If you practice federal law and you are not getting Henry Bell's Corona Tonight email updates, you are missing a super-quality email updated with memos, motions, and orders from around the county.
And we should recognize the work he is doing in keeping lawyers in this district on the cutting edge of Compassionate Release and virus related litigation. Well done Mr. Bell. Well done indeed.
The hallmark of this blog is our willingness to take a stand, make a prediction, and make it in a public forum. Our astounding success rate in picking NFL games lo this past decade and more is evidence of the prognostication powers of this blog's author.
There will be no Covid-19 successful vaccine in 2020. There probably will not be a successful Covid-19 vaccine until the fall of 2021 at the earliest. There never may be a successful vaccine. Kindly act accordingly. Covid-19 is a virus. A virus is an exceptionally hard target for a vaccine. Some virus's resist all vaccines. The Flu vaccine is about 50% effective in any year because the virus changes so much. The good news is Covid-19 is a relatively stable target. The bad news is that relatively stable viruses like, say, herpes, have resisted all vaccine attempts for decades.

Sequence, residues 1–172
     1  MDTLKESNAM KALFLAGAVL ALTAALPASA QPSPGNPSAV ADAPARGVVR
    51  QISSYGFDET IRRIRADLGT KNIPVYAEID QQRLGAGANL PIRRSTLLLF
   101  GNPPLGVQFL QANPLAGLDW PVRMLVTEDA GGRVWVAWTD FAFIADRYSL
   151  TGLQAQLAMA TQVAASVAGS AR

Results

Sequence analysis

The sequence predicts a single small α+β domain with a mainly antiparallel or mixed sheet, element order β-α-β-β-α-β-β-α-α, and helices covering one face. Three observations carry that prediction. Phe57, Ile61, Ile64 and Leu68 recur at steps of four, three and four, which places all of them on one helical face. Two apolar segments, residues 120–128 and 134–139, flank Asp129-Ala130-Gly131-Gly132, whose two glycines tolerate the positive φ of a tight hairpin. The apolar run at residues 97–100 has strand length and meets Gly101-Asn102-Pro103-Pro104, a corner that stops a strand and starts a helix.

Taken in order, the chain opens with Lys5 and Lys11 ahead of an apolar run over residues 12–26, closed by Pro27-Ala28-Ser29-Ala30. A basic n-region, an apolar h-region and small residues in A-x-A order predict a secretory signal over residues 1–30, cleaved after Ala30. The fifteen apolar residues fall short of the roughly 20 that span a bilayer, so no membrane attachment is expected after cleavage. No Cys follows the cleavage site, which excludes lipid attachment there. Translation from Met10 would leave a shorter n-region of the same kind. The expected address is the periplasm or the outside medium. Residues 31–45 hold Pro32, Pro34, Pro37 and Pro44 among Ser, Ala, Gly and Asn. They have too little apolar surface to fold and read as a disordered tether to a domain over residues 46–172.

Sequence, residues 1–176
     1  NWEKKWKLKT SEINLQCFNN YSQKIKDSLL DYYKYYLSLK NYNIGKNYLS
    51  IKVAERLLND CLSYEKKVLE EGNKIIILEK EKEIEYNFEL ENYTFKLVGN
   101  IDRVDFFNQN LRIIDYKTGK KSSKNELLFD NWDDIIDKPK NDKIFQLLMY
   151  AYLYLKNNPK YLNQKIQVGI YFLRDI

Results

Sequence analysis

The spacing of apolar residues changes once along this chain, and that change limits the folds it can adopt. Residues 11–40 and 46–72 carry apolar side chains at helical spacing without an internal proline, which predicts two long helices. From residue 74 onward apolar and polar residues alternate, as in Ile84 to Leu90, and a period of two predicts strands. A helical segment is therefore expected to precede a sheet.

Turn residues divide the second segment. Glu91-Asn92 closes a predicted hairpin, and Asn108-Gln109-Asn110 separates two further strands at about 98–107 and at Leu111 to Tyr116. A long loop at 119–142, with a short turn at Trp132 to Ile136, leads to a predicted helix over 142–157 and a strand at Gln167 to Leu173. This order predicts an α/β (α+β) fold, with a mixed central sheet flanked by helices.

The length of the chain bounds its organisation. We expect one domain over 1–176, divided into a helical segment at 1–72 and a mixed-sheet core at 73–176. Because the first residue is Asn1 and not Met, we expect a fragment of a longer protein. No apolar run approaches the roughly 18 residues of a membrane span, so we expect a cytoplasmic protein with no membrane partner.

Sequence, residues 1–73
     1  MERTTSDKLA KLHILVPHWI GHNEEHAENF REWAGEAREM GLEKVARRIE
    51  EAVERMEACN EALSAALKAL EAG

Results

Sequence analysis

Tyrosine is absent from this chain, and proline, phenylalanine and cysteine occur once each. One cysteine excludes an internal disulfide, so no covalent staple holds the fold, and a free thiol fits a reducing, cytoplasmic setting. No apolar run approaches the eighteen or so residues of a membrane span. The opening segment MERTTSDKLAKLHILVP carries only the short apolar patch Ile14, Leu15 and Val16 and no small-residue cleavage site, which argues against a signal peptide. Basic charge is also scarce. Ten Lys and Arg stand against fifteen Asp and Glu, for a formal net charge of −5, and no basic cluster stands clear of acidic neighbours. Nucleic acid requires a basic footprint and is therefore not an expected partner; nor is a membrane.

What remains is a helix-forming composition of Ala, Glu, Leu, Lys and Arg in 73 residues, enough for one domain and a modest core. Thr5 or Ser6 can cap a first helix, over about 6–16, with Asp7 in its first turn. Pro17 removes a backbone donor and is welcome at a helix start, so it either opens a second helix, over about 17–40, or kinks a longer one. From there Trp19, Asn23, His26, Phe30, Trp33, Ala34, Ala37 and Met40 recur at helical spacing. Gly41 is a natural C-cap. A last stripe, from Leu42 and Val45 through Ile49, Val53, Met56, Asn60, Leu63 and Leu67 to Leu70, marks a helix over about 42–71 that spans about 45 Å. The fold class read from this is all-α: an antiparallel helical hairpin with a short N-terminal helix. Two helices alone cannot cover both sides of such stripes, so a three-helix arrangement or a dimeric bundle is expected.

Sooooooo, as we perambulate throughout Miami, and see legions of walkers and runners in Key Biscayne not wearing masks and similar behaviors on the beaches and boardwalks throughout South Florida, we are left with the inescapable conclusion that tougher times are ahead.
Miami Courts are admirably working towards opening and reestablishing jury trials. However, are there work groups considering how to keep the courts running if we get hit with a worse second wave in four to six months? We do not think so.
A word to our robe wearing readers- you are working to open the courts assuming the best- please start assuming the worst: That there will be no treatment, no vaccine, and a second worse wave in October and November. Unlike the executive branch of the State and Federal government, our judicial branches- state and federal- have inspired confidence in their work, dedication and consideration of medicine and science. Thank you for that. But we remained concerned that, as February and March of this year showed, there is no plan for re-closing the courts when a second wave strikes. Please advise.
Personally, the first time we qualify for the Boston Marathon, they cancel it. C'est la vie.
Mr. Ovalle and the Herald have an article about the limitations of Zoom. From unintended backgrounds to shirtless interlopers walking in camera view, there is only so much that can be accomplished by Zoom. We are not big fans. We like staring into the eyes of a witness. Watching where their eyes dart when hit with an unexpected question. See a prosecutor squirm in her seat- or even better seeing two prosecutors arguing with each other as we lob question after question at the witness, the legal equivalent of shock and awe- the tactics that bring legions of lawyers to watch our trials when they know Rumpole is about to rise for the defense.
Have a safe weekend. Wear a mask and stay far away from us por favor.